The CROZet natural iron bloom and EXport experiment (CROZEX) investigated the annual phytoplankton bloom that occurs in the vicinity of the Crozet plateau in the Polar Frontal Zone (PFZ) of the Southern Ocean. Shipboard manipulation experiments designed to investigate potential responses of phytoplankton community structure and elemental stoichiometry to iron (Fe) and/or light perturbation are compared to in situ data collected during CROZEX. The outcome of individual experiments was strongly influenced by initial phytoplankton community structure. For example Fe amendment of high (>8 μM) silicic acid waters resulted in a strong response by medium-sized diatoms, including Eucampia antarctica. In contrast Phaeocystis antarctica dominated the community response to increased Fe within an experiment initiated during the early declining stage of the bloom. Conversely, small diatoms responded more strongly to increased irradiance, while the population of very large diatoms remained relatively static. Consistent with experimental results, the intense natural blooms north of the Crozet plateau were observed to be dominated by either P. antarctica or medium-sized diatoms while small phytoplankton and large diatoms dominated lower-chlorophyll waters in the south. In situ data and results from experiments supported previous observations of lower nitrate to phosphate removal ratios for diatoms compared to P. antarctica. Experimental and in situ data also supported previous work showing that silicic acid to nitrate removal ratios can be reduced under conditions of enhanced Fe availability. Higher irradiance decreased this ratio still further. Interactions between Fe and light were thus likely to have contributed to the observed decoupling of the major element cycles between the intense bloom that occurs north of Crozet and more typical PFZ conditions to the South. Specifically, silicic acid became exhausted in both systems, with drawdown in the south potentially resulting from co-limitation of diatom growth by Fe and light. In contrast, increased Fe supply in the north enhanced nitrogen, phosphorous and carbon drawdown in ratios that were dependent on the community composition of the resultant bloom.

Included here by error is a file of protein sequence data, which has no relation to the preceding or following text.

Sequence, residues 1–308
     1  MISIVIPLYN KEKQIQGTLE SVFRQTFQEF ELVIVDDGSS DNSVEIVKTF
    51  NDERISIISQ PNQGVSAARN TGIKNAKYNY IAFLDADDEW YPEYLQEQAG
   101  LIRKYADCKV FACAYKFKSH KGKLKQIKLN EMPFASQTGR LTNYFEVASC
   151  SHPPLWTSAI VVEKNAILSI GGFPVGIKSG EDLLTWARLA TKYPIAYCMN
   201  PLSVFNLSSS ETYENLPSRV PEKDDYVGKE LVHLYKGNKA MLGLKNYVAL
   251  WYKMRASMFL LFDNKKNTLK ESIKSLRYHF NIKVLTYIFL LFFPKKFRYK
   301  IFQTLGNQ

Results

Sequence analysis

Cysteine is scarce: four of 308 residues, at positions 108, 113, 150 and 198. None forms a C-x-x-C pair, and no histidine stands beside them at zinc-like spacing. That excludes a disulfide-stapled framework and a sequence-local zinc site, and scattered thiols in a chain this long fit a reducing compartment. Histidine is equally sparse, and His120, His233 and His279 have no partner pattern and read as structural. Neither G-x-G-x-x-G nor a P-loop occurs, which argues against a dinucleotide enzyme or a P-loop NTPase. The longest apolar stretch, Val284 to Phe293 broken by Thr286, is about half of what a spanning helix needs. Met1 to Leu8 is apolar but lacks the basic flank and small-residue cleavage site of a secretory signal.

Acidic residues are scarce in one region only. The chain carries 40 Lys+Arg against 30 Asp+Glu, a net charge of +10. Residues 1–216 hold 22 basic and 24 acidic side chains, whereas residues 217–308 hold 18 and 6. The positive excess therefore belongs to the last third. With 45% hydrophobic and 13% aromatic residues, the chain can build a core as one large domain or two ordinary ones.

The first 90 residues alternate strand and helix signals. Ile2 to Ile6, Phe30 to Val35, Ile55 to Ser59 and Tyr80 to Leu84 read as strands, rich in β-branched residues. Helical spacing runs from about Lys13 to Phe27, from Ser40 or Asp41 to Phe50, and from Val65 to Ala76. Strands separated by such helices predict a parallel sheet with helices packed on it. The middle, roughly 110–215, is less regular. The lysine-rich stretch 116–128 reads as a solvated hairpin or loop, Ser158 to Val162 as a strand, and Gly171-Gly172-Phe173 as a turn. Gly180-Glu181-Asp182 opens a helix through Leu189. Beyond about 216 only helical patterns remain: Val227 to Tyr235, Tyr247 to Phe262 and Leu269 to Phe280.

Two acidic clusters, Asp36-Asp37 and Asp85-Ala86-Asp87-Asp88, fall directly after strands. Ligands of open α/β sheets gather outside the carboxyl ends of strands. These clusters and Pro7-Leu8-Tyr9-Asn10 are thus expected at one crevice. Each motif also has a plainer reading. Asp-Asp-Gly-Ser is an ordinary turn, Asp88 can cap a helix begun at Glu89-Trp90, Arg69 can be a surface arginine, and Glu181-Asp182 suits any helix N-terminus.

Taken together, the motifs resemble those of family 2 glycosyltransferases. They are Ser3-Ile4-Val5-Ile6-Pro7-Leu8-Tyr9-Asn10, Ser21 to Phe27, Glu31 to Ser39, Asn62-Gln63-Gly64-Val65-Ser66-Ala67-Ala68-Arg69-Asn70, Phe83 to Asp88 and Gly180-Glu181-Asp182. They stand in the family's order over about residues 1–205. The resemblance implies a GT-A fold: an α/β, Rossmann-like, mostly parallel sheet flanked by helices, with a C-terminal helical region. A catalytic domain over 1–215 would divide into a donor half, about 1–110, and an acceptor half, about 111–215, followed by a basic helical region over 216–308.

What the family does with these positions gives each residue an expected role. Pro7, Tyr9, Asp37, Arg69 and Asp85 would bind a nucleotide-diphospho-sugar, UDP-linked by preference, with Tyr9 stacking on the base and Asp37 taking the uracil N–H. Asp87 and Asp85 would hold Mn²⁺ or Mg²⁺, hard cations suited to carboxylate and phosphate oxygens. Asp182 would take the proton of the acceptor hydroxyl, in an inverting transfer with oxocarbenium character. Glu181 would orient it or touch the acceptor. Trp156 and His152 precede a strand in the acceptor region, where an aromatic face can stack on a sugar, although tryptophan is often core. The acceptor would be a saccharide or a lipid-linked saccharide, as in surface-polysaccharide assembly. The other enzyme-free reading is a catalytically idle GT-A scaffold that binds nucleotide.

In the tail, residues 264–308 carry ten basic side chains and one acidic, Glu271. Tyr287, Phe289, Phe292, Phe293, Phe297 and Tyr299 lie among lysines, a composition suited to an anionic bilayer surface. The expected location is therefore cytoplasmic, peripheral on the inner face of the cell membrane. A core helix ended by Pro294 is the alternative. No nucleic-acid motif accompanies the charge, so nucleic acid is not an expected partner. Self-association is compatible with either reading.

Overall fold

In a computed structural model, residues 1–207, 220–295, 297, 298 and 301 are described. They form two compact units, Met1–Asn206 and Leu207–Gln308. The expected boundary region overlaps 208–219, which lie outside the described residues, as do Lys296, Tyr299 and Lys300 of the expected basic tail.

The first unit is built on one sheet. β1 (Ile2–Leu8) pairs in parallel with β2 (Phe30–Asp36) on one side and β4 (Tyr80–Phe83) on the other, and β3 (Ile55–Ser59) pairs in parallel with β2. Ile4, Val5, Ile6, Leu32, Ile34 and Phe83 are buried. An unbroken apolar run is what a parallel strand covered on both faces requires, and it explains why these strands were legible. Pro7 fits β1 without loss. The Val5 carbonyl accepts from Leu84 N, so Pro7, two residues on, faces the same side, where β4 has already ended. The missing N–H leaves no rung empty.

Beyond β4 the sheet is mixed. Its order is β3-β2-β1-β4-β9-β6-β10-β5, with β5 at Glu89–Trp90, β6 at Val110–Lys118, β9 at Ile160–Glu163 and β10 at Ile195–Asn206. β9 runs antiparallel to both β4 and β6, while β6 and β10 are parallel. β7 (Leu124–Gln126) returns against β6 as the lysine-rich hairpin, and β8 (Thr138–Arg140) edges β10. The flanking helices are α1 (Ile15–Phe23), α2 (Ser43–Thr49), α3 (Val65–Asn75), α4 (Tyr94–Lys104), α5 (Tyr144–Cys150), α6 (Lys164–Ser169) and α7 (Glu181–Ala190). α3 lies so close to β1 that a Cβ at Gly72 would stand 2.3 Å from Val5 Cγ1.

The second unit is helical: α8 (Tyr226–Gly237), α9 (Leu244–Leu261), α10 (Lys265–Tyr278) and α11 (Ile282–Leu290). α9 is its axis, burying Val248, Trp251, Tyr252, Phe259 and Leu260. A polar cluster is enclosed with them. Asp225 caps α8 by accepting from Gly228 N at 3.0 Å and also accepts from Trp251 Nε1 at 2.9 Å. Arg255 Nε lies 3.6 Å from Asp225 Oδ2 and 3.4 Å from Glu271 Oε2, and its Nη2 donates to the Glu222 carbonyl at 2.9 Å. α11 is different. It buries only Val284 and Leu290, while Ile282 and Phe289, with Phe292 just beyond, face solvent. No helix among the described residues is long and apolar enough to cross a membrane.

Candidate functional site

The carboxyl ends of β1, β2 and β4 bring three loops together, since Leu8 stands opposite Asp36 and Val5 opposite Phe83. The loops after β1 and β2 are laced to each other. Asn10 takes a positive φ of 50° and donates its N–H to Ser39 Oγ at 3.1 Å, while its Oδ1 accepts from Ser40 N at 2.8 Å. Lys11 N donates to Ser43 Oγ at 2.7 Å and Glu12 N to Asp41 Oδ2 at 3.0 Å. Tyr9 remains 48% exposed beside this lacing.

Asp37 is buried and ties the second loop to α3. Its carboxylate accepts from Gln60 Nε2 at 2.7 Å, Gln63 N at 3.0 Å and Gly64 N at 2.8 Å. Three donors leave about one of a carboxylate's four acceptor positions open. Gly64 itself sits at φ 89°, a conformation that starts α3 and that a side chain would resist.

|Number of pages||19|
|Journal||Deep-Sea Research Part II: Topical Studies in Oceanography|
|Publication status||Published - Sep 2007|
- Iron limitation
- Southern Ocean
ASJC Scopus subject areas
- Aquatic Science